Trenton, Camden and Secaucus Join DEP Efforts to Combat Illegal Dumping

Three New Jersey cities have partnered with the state’s “Don’t Waste Our Open Space” program to combat unlawful dumping in their own communities, New Jersey Department of Environment Protection (NJDEP) Commissioner Bob Martin announced today.

In addition to partnerships with Trenton, Camden and Secaucus, NJDEP’s “Don’t Waste Our Open Space” initiative has yielded another 34 arrests for illegal dumping in state parks and wildlife management areas this year, totaling 62 enforcement actions since the program was launched in April, 2014.
A new mobile application has also been launched as part of the program, allowing visitors of state recreational areas to report dumping sites and the contents of the trash found at these locations so DEP can address the debris and launch an investigation.

“We hope getting more people to become aware of illegal dumping and to take action will help act as a deterrent for those who think they get away with a crime that directly impacts the environment, wildlife and people who enjoy the outdoors,” Commissioner Martin said. “We want illegal dumpers to know that there will be consequences for their actions.”

The “Don’t Waste Our Open Space” program is a coordinated effort involving a host of DEP programs, including Parks, Fish & Wildlife, Solid Waste, Water Resources, State Forestry Services and the Natural Lands Trust. Investigations of illegal dump sites on state properties, including a few involving motion-sensor camera discoveries, are conducted by State Park Police, Division of Fish & Wildlife’s Conservation Officers and DEP’s Compliance & Enforcement.

All activities are posted on, which serves as a hub for the program, including an interactive map to find dumping sites and perpetrators.

DEP has also introduced the “Don’t Waste Our Open Space” program to municipalities and several local and county law enforcement entities in an effort to bring more attention to the issue of illegal dumping. Earlier this year, the cities of Camden, Trenton and Secaucus launched their own illegal dumping initiatives, based on the methods and successes of the state program. With direction and assistance from DEP’s program, the municipalities are already seeing results.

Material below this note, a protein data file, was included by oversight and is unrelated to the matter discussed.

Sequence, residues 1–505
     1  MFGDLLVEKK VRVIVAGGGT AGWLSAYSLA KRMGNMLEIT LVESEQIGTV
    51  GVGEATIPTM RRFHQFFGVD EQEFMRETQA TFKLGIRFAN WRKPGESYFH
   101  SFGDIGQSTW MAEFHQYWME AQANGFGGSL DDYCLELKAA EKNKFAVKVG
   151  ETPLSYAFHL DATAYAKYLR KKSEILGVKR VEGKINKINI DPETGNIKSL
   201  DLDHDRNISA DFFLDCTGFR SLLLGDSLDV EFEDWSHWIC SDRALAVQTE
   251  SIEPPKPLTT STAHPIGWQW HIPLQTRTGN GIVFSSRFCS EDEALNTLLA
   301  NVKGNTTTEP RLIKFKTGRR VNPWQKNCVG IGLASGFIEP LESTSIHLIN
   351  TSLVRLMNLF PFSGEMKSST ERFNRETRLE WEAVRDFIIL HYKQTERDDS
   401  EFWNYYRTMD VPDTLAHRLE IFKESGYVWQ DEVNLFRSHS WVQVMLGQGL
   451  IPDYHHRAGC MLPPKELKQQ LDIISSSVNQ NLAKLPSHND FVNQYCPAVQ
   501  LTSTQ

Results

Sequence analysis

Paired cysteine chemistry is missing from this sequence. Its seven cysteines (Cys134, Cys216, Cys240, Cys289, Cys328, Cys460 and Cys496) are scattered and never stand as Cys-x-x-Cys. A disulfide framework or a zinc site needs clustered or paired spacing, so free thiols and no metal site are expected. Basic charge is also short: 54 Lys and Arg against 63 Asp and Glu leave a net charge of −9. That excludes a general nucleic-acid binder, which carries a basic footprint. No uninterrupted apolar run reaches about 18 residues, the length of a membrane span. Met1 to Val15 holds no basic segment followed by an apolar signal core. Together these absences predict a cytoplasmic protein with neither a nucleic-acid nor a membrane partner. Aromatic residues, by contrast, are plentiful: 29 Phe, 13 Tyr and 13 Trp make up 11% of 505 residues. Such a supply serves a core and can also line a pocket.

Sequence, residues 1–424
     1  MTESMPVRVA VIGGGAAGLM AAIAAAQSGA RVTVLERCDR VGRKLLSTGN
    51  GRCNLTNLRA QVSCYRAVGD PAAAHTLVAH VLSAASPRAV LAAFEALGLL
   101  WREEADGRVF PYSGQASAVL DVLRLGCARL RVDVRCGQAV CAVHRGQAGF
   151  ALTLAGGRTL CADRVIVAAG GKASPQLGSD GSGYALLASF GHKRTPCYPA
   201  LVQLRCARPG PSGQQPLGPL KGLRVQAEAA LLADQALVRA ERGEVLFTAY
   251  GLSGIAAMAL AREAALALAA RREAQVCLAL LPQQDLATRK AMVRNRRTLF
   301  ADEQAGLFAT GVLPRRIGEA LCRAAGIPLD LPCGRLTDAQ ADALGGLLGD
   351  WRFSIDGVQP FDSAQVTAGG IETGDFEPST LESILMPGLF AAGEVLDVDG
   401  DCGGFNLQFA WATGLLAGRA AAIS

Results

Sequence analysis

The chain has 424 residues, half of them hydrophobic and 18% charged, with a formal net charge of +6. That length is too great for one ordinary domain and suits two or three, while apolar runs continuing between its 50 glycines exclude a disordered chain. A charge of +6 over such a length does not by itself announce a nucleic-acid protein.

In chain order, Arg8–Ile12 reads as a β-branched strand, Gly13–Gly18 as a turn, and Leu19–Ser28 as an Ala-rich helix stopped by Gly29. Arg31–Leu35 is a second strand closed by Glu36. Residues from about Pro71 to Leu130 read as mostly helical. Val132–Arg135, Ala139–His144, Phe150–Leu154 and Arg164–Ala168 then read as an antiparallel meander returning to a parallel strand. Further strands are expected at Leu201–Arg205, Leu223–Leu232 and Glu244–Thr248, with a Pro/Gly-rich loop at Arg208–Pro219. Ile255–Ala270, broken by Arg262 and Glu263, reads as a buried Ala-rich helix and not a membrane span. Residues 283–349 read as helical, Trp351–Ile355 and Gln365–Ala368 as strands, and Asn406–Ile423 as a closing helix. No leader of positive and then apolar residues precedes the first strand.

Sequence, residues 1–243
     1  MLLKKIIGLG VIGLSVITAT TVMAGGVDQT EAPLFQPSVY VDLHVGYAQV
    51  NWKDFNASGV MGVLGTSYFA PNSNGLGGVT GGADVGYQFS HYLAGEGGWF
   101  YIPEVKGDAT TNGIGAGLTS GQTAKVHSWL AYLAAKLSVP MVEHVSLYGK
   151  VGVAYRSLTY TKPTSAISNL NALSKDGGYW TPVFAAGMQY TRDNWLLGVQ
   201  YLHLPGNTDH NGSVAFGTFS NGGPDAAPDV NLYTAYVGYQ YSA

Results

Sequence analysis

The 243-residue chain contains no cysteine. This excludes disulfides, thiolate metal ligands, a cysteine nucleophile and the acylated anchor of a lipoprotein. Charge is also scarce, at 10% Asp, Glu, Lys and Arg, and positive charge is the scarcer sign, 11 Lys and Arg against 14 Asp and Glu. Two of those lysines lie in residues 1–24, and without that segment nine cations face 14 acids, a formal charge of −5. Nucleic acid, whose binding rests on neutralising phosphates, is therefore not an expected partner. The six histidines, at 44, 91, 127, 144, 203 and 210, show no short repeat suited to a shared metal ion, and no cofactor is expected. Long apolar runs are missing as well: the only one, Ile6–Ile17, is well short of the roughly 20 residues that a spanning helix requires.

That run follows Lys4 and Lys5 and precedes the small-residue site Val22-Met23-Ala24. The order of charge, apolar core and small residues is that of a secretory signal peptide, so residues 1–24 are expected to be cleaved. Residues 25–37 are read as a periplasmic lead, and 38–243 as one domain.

“A partnership with the DEP to combat illegal dumping in Trenton is a win-win relationship,” Trenton Mayor Eric Jackson added. “Not only does it strengthen our ability to keep our city clean, it exemplifies my administration’s commitment to transforming our city by executing a governance strategy formed by collaboration, communication, innovation and transparency.”

A new mobile application, which can be accessed on smart phones at allows park visitors who come across illegal dump sites to anonymously report its location, the size and type of the dump, as well as a picture of the debris. Once the site is reported, DEP investigators will work to find the responsible party.

For additional instructions on how to use the mobile application, visit:

The “Don’t Waste Our Open Space” program incorporates strict enforcement of illegal dumping practices, while raising awareness of the problem through outreach and education. Strategically deployed motion-sensor cameras have been set up in select state parks and wildlife management areas to help nab violators. Information on arrests and charges filed in connection with illegal dumping will be posted on

Illegal dumping, which includes everything from unlawful disposal of construction debris and old TVs and computers to the dumping of car parts and tires– and even entire vehicles — has been a growing problem in the state’s vast natural holdings in all 21 counties in recent years.

Nearly all of the state’s more than 170 publicly owned tracts, including state parks, state forests, wildlife management areas, marinas, and natural lands and preserves, have been impacted by illegal dumping. These lands account for 813,000 acres of state-preserved open space.

For more information on state parks, forests and wildlife areas, visit

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